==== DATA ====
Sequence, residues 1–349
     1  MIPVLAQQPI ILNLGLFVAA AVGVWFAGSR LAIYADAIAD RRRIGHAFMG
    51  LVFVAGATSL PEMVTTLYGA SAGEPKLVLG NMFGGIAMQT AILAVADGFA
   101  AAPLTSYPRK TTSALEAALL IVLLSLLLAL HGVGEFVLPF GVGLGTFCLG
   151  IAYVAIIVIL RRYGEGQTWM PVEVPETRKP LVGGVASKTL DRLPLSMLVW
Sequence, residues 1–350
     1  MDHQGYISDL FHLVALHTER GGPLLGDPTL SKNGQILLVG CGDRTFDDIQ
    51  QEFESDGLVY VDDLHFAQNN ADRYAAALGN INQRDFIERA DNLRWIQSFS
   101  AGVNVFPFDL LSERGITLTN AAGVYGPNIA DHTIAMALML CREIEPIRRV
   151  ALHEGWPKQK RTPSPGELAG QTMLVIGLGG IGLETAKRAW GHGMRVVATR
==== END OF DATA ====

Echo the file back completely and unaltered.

Sequence, residues 1–349
     1  MIPVLAQQPI ILNLGLFVAA AVGVWFAGSR LAIYADAIAD RRRIGHAFMG
    51  LVFVAGATSL PEMVTTLYGA SAGEPKLVLG NMFGGIAMQT AILAVADGFA
   101  AAPLTSYPRK TTSALEAALL IVLLSLLLAL HGVGEFVLPF GVGLGTFCLG
   151  IAYVAIIVIL RRYGEGQTWM PVEVPETRKP LVGGVASKTL DRLPLSMLVW
Sequence, residues 1–350
     1  MDHQGYISDL FHLVALHTER GGPLLGDPTL SKNGQILLVG CGDRTFDDIQ
    51  QEFESDGLVY VDDLHFAQNN ADRYAAALGN INQRDFIERA DNLRWIQSFS
   101  AGVNVFPFDL LSERGITLTN AAGVYGPNIA DHTIAMALML CREIEPIRRV
   151  ALHEGWPKQK RTPSPGELAG QTMLVIGLGG IGLETAKRAW GHGMRVVATR